Once seen as nearly impossible due to his lack of name recognition and funding, former Solicitor General of Texas Ted Cruz beat Lieutenant Governor David Dewhurst on July 31 in a primary runoff to win his first election and become the Republican nominee for U.S. Senate in Texas. This is being billed by “the grassroots” (a phrase Cruz uses every thirty seconds) as the ultimate Tea Party triumph, a slaying of dragons bigger even than the takedown of longtime Senator Lugar of Indiana earlier in this primary cycle.
So how did Cruz win? How did a Canadian-born, Ivy Leaguer (twice over), lawyer, and adjunct law professor who worked for the federal government in Washington D.C. triumph in one of the 2012 election cycle’s most expensive races?
There are three things I’ll point out:
1) The single most important factor was the delay until July 31 after neither Cruz nor Dewhurst got 50% of votes the first time around, giving Cruz time to gain out-of-state support, ahead of the required runoff election. Cruz desperately needed outside help—none of which came free. Expect Senator Jim DeMint (R-SC), for instance, to begin leaning on Cruz almost immediately in return. Had the primary been held as originally planned months ago on Super Tuesday, Dewhurst would have won by double-digits. Had Dewhurst run a better campaign, he would have won in the delayed primary in May.
Cruz benefitted immensely from the Texas Legislature’s fiddling with redistricting this year. Nearly all Republican officeholders in Texas went for Dewhurst, making those same State Senators (as well as Attorney General Greg Abbott) who manipulated the redistricting process partly responsible for his defeat.
2) The second is the Dewhurst campaign. It lacked not for money or political consultants, but for grand strategy. Dewhurst never got practiced enough delivering his talking points, nor did he blow Cruz out of the water in either of the two debates. Most of all, however, the negative campaign ads he and supporting PACs ran in the final weeks really damaged his image as a man of integrity. What were meant to be character attacks on Cruz instead reflected poorly on the Dewhurst campaign. It also didn’t counter the “moderate” label Cruz hurled at Dewhurst, the most damaging label possible in this primary.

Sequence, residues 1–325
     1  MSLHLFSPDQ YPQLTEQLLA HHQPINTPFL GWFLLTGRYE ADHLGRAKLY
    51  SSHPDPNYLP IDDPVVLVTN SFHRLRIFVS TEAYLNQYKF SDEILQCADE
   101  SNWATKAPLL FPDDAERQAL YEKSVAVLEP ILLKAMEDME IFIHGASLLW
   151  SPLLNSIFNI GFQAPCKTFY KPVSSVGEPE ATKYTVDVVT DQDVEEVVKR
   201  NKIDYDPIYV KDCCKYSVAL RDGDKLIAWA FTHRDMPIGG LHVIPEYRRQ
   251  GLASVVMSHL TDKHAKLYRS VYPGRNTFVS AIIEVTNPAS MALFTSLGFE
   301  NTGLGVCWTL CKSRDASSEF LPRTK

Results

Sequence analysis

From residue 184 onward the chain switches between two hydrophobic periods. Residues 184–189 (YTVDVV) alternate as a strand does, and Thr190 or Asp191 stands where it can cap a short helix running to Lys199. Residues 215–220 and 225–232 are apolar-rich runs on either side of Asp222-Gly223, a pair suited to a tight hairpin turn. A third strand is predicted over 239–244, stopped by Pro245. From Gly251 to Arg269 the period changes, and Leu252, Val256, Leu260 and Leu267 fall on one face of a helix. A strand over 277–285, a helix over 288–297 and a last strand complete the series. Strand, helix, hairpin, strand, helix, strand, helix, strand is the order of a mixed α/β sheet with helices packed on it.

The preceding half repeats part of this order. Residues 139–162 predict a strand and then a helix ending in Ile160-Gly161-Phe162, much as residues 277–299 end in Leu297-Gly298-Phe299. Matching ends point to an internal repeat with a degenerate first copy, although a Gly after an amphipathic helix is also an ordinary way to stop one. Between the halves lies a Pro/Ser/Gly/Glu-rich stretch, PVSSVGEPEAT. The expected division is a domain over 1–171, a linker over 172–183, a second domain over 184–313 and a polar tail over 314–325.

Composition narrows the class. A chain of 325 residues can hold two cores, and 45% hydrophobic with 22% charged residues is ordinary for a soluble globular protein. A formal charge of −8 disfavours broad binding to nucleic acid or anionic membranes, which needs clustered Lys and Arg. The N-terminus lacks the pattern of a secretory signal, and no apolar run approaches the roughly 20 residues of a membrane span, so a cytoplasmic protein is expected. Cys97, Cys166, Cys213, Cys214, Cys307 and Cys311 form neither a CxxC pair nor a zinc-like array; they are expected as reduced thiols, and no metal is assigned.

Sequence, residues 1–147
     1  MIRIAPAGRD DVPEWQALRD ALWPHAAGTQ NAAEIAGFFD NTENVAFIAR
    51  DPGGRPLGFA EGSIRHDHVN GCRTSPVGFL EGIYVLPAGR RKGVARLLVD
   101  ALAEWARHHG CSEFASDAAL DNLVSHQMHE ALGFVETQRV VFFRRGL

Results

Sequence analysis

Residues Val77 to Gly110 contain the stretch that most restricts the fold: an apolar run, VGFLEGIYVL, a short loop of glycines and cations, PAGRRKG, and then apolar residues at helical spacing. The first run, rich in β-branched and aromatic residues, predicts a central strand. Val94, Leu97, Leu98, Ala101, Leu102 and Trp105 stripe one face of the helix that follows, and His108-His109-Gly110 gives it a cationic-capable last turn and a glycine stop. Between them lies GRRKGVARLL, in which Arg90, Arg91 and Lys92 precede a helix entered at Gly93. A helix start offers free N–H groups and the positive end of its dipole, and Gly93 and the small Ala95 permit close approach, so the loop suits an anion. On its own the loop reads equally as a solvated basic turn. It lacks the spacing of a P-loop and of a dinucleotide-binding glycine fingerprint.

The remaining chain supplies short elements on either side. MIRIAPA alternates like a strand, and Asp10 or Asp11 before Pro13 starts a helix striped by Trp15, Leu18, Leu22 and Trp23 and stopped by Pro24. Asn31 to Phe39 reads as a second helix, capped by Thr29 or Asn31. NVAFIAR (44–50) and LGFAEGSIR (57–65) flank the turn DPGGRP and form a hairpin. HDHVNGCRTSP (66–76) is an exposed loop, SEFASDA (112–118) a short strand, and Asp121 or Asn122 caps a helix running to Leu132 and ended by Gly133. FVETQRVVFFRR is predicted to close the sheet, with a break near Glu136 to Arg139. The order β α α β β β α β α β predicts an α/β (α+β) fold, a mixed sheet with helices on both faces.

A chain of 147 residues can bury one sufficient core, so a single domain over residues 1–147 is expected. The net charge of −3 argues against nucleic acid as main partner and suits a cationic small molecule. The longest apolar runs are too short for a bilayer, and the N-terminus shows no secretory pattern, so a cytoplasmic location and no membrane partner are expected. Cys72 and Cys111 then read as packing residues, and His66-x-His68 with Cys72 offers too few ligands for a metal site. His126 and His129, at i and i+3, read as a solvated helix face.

3) Thirdly, the political skill of Ted Cruz put him over the top. The overall trend of events leading up to 2010 and the Tea Party positioned Cruz to talk about his five years as Solicitor General of Texas. He followed Governor Rick Perry’s lead in venturing increasingly rightward, defending conservative causes in court and often winning, giving him a role in the creation of Tea Party sentiment. An uncompromising, ideologically pure record—the kind leaders in government lose as they pass bills—and personal charm helped Cruz to swing from certain defeat to victory.
Nationally, other races will have many of the same dynamics: Tea Partiers and “the grassroots” vs. established politicians, out-of-state connections vs. local endorsements, PAC money vs. personal contributions, perceived “moderates” vs. “true” conservatives (or Democrats). Undoubtedly,there will be many more negative campaign ads. But only very skilled manipulators with lots of cash can take on entrenched forces and hope to win.